by Enrico Villamaino
If nothing else, 2020 gave us all an understandable reason to enjoy a good beer (or possibly several). But for brewers to provide us with good beer, they first need access to high quality hops. In Maine, that’s where Aroostook Hops comes in.
Situated on four acres in Westfield, Maine, Aroostook Hops was founded in 2009 by husband and wife Jason Johnston and Krista Delahunty. A native of Aroostook County, Johnston studied biology and environmental science at Bowdoin College, the University of Delaware and the University of Maine. He currently works as a wildlife ecology professor at UMaine’s Presque Isle campus, conducting research in the fields of ornithology and forest ecology. Originally from St. John’s, Newfoundland, Canada, Delahunty relocated to the Pine Tree State after completing her graduate studies at Memorial University of Newfoundland. In addition to studying mammalian genetics at the Jackson Lab in Bar Harbor, she also teaches biology for UMaine at Presque Isle. The Aroostook Hops team is rounded out by daughters Kathleen, 12, Marie, 9, and Elise, 5.
In that four acres, Aroostook Hops manages to fit in an impressive infrastructure, including its 18-foot-tall trellis system. Hundreds of poles support tens of thousands of feet of metal cable, all anchored at the perimeter with guy wires. Hop plants are perennial, and grow up coir strings to the top of the trellis each year before being cut down to be run through the harvester. The farm’s irrigation system utilizes a dedicated well that runs through buried PVC into a drip tape fertigation system. Aroostook Hops worked with the USDA-NRCS in planning and designing the best system for the hopyard. This allows the farm to provide adequate water and deliver nutrients through the fertigation setup.
According to Johnston, Aroostook Hops is committed to conducting business in a way that is both organic and locally oriented. Certified organic by the USDA, Aroostook Hops’ farming practices favor human health, microbial soil growth and biodiversity, all while minimizing negative habitat effects. Even weed management is handled in an eco-friendly manner.
“We use sheep as sustainable helpers in weed and downy mildew management. Without use of synthetic herbicides…, weeds can get to be a problem in an organic hopyard. Once the hop bines have grown tall enough, we graze sheep from our neighbor’s farm intensively until they clean up all the weeds, all without damaging the bine itself,” Johnston explained.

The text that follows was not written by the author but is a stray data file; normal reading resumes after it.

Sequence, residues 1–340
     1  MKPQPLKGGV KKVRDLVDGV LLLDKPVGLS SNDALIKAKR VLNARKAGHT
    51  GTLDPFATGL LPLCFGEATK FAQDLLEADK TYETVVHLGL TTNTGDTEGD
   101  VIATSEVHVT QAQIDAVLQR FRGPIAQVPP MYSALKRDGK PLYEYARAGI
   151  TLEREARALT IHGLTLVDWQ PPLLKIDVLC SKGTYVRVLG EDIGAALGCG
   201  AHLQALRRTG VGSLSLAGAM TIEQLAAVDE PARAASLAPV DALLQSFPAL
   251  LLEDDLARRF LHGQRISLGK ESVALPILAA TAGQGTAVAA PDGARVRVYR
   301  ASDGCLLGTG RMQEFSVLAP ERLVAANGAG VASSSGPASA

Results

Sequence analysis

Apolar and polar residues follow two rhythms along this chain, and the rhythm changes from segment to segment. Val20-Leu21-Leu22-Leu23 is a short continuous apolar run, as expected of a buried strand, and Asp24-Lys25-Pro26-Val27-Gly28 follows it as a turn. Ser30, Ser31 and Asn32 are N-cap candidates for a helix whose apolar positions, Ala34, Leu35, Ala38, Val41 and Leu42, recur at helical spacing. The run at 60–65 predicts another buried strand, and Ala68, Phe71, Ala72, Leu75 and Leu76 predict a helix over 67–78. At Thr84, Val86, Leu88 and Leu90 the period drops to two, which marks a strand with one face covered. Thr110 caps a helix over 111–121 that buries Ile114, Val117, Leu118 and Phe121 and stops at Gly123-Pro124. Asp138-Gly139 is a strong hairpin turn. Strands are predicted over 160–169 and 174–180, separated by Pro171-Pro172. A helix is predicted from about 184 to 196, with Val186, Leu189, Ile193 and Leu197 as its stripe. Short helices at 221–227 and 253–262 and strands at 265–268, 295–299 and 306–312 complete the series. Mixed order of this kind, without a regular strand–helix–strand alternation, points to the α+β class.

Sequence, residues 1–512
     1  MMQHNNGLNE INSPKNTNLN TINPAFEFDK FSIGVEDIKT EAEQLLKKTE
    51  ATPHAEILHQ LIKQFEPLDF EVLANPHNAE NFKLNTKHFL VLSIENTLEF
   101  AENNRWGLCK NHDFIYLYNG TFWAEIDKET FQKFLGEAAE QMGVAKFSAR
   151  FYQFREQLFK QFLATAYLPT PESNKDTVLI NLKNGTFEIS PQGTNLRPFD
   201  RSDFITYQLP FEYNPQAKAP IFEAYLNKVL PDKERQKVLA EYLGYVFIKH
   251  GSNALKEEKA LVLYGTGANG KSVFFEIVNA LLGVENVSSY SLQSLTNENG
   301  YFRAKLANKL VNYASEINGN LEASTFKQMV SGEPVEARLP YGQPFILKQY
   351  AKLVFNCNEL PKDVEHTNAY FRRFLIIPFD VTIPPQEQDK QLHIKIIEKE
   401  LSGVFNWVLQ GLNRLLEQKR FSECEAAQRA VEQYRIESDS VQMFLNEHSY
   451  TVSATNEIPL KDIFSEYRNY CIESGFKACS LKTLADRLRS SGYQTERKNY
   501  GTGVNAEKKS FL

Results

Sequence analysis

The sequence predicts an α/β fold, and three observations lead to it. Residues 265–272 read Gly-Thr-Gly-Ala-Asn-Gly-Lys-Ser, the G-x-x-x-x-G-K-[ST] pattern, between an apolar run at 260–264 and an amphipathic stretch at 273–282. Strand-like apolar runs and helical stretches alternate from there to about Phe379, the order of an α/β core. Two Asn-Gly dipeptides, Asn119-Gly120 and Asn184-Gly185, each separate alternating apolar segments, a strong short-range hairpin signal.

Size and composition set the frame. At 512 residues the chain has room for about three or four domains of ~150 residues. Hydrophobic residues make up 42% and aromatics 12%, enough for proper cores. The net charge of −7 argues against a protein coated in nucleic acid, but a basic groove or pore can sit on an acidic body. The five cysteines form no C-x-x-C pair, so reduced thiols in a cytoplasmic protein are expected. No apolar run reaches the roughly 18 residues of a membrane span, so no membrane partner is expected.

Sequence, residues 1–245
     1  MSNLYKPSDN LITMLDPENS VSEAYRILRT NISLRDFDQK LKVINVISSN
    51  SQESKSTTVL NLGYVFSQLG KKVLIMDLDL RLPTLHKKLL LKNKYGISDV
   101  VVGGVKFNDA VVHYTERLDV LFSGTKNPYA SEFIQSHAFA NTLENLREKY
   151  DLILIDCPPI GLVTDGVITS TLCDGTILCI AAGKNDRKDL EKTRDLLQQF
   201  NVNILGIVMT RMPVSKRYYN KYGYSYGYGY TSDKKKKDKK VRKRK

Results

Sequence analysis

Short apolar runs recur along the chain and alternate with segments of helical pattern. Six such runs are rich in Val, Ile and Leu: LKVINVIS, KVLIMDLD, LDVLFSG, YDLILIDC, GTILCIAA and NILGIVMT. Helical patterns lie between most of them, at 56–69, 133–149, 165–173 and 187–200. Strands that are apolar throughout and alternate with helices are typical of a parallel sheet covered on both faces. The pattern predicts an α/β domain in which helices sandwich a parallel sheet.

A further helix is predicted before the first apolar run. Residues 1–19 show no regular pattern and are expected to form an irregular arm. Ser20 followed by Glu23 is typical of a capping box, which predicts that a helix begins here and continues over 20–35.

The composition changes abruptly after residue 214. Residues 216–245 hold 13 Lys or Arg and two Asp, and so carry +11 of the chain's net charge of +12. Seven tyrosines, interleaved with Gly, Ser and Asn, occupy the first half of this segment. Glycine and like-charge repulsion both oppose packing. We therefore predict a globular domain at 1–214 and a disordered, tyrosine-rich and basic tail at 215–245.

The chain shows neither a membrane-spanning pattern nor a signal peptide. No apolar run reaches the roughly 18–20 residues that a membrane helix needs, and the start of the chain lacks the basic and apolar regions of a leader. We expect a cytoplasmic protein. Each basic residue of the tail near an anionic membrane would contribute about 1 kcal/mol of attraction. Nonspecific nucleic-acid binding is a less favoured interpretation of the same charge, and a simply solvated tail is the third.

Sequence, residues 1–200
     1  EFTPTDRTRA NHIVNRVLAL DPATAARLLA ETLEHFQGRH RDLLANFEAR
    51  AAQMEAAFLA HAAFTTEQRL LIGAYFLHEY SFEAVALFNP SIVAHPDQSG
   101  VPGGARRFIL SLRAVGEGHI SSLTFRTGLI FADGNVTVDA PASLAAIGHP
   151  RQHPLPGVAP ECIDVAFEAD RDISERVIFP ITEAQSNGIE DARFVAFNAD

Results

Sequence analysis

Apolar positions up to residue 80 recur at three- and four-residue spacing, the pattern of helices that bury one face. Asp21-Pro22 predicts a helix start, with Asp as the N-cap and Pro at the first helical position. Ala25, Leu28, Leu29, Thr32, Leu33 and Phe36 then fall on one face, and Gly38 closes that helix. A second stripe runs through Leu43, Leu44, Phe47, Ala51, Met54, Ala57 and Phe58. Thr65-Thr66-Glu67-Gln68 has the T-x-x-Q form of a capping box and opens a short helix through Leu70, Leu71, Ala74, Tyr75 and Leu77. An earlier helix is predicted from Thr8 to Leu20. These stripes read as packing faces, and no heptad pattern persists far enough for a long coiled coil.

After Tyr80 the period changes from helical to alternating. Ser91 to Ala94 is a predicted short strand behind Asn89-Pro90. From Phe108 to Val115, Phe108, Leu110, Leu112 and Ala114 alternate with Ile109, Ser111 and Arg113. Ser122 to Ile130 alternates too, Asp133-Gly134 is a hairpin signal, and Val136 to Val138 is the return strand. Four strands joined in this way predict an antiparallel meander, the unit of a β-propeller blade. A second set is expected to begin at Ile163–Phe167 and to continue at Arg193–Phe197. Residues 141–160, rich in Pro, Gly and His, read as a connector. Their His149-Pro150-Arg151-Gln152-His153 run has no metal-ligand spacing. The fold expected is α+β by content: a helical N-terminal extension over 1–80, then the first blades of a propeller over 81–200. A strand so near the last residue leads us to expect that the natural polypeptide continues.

Establishing a primary market in the immediate area just made sense to Johnston. “With over 90% of all U.S. hops grown in the Pacific Northwest, we are excited to be able to provide Maine’s ever-growing brewing industry with quality local Maine hops,” he said. “Mainers care about eating and drinking local ingredients, and more and more neighborhood brewpubs are opening to provide the Maine-grown products that consumers are really interested in.”
Maine brewers using hops grown in the immediate area focus on more than just hometown pride – there’s also the desire to delight discerning draft drinkers. Johnston explained that terroir is a factor. Often used to describe wine, terroir is a French term used to detail environmental factors that affect a crop’s phenotype. “Hops have a terroir and take on unique flavor characteristics based on the soil and climate they are grown in. Our northern Maine-produced Cascade tastes a little different than the Pacific Northwest Cascade hops, which we think makes them very interesting, and our brewers do too!”
Among the breweries supplied by Aroostook Hops are Maine favorites Geaghan Bros. Brewing, Northern Maine Brewing Company, Allagash Brewing Company, Lubec Brewing Company, Gritty McDuff’s Brew Pub, Fogtown Brewing Company, Throwback Brewery, Baxter Brewing Company, Sasanoa Brewing, Blank Canvas Brewery, Black Bear Brewing Company and Footbridge Brewery.
Not content to rest on the laurels of the past decade’s success, Johnston is always looking to improve. A recent grant awarded to his farm is allowing him to do just that. “We received a $50,000 grant from the Maine Department of Agriculture. We’re using the money to update the company’s harvesting equipment and drying/processing operation,” he said. He recently purchased a used harvester from Germany to help with harvesting. Johnston laughed, “Although it’s not new, it’s new to us!”
With some drying/processing machines, hops can encounter high temperatures due to friction, resulting in a lower quality hops pellet that has degraded oils. A new, custom-built drying set-up funded by the grant allows for better air movement and can achieve dehumidification in 15 hours at a lower temperature, which produces superior pellets. As for infrastructure improvements, Johnston said he’s building a hop facility to house the harvester.
Despite having an operating season that runs mainly from May through September, Johnston said that his farm is always giving him something to work on. “We’ll keep being busy for quite a while.”